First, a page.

Once you’ve found the filter, gently feel around the edge and see if it is clipped in. Put pressure on the clips to loosen them and pull the filter free. Most clips should release with gentle pressure, if they don’t come loose check to see if you have missed a catch. Proceed carefully, so you don’t break anything. If you notice any damage to the filter or fittings, it may be time to consider a replacement.
Step 2: Remove any excess dust from the filter
After you’ve taken the filter out, take it outside with a bin or large bin bag. Knock it firmly against the side of the bin, so the dust falls inside it. If you have a bin bag, put the filter inside the bag and knock it against something firm, so the dust stays in the bag. This will stop the dust covering the surfaces in your house or getting into your face or clothes.
Then, knock the filter several times until no more dirt is dislodged. After this, run a soft toothbrush over the entire length of the filter focusing on the sides. This will further loosen any deeply lodged particles on the filter’s surface. Finally, wipe all sides with the microfiber cloth to remove any remaining trapped dirt.
Step 3: Rinse the filter
This step is only advisable for cloth or foam filters. If your filter is made from paper or card, or the instruction manual advises against it, they shouldn’t be allowed to get wet. If they do get wet, they will likely stop working and need to be replaced.
Rinse the filter in warm soapy water. Move it around to let the water flow through it. Squeeze it gently several times. If necessary, keep changing the water. When the water coming out of the filter runs clear, swap the soapy water for clean water and rinse out the bubbles.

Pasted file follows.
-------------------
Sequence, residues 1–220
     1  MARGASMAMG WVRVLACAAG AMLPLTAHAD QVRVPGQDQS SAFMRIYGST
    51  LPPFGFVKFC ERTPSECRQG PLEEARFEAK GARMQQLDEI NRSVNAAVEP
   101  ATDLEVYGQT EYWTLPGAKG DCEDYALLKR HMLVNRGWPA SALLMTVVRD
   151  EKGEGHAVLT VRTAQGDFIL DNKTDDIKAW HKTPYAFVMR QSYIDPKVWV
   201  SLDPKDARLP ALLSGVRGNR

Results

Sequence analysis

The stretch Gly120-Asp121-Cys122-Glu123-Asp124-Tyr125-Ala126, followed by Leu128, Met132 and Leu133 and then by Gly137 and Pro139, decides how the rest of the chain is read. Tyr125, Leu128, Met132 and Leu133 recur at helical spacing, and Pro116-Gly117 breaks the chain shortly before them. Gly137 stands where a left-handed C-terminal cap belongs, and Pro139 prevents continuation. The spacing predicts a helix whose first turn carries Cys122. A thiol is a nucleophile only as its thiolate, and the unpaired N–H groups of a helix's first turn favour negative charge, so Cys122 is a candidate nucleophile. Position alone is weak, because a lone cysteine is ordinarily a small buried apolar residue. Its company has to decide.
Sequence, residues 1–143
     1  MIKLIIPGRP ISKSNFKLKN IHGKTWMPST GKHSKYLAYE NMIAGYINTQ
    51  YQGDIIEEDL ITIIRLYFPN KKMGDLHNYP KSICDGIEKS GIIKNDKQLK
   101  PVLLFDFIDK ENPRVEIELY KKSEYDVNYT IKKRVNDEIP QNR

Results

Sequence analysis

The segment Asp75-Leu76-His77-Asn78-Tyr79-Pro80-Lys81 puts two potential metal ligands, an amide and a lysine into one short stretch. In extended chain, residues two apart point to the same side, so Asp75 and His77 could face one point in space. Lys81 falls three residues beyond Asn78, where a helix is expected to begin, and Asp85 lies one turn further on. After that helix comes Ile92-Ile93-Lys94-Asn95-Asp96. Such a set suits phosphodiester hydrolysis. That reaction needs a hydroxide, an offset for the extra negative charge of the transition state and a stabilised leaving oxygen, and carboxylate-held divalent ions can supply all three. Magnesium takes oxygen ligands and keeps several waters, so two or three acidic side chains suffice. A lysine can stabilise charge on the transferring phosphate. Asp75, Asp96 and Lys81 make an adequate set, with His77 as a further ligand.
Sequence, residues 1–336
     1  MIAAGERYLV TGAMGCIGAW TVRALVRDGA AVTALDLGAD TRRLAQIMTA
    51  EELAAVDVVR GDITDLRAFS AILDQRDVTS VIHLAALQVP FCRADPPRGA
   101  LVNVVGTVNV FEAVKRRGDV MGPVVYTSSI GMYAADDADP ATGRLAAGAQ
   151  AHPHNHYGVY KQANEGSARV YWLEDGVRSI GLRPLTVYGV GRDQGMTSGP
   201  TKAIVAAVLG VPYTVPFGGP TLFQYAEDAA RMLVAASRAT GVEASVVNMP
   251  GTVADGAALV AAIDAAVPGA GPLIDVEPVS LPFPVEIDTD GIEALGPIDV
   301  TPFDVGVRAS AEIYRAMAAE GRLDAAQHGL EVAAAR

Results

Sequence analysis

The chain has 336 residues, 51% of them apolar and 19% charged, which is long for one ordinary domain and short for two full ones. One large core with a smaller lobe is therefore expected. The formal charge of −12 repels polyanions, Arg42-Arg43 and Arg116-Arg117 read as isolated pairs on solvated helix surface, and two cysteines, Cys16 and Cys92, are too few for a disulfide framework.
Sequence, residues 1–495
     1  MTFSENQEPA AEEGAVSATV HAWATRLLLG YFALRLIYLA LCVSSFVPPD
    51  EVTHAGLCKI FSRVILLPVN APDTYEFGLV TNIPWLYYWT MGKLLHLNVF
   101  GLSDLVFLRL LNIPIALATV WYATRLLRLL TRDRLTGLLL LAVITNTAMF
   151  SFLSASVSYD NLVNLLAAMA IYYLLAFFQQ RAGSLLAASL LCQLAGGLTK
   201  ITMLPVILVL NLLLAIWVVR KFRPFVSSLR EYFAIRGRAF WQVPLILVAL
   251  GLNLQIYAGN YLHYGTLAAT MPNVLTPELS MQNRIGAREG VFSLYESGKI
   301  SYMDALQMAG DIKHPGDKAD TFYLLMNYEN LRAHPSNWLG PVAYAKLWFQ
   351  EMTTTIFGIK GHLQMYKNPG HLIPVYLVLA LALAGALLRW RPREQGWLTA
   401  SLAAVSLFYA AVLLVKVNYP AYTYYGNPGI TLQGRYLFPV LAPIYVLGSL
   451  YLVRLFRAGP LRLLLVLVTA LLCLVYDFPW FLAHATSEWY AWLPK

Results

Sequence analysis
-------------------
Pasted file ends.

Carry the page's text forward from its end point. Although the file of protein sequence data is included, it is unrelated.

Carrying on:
After washing the filter, you need to let it air dry before inserting it back in the vacuum cleaner. Ensure that it is completely dry before reinstalling.
Step 4: Reinstall the filter
Place the filter back in position and push firmly until it clicks into place.
Cleaning Robot Vacuum filters
Companies like Kobold, Roomba, Neato and Eufy produce robot vacuum cleaners that can clean your home entirely independently. Despite their difference with the usual vacuum cleaner, they still require filters which should be checked and cleaned regularly. It is recommended to check after three or four uses but if you forget, keep an eye out for signs that your machine isn’t getting the dirt up like it used to.
Filters in robot vacs are usually more compact than other machines but the same cleaning procedure applies. For smaller filters, a toothbrush is your best ally. Use it to get in all the small corners and thoroughly clean all the dust before returning it to the machine.
Vacuum filter do’s and don’ts
Here are some useful things to keep in mind as you clean your vacuum filter:
- Don’t use cleaning tools that are too abrasive; they may cause permanent damage to the filter material.
- Clean your filter regularly. Using a vacuum with a dirty filter is less effective and can recirculate dirt and dust into your home.
- If you clean your vacuum filter and it still doesn’t pick up, try removing the brush and other accessible parts and giving them a thorough clean.
- If you know your vacuum and filters are clean but it still has an unpleasant smell, try adding a few drops of your favourite essential oil to the filter. The heat from the motor will cause a pleasant scent to be released every time you vacuum.
Cleaning a vacuum filter is a straightforward yet necessary way to keep your machine working at its best. Once you’ve done it a few times, you will quickly become an expert at knowing exactly what works well for your vacuum.
If you do it regularly, not only will your vacuum be more effective but you may prolong its life as well. All in all, cleaning your vacuum filter is a job well worth doing.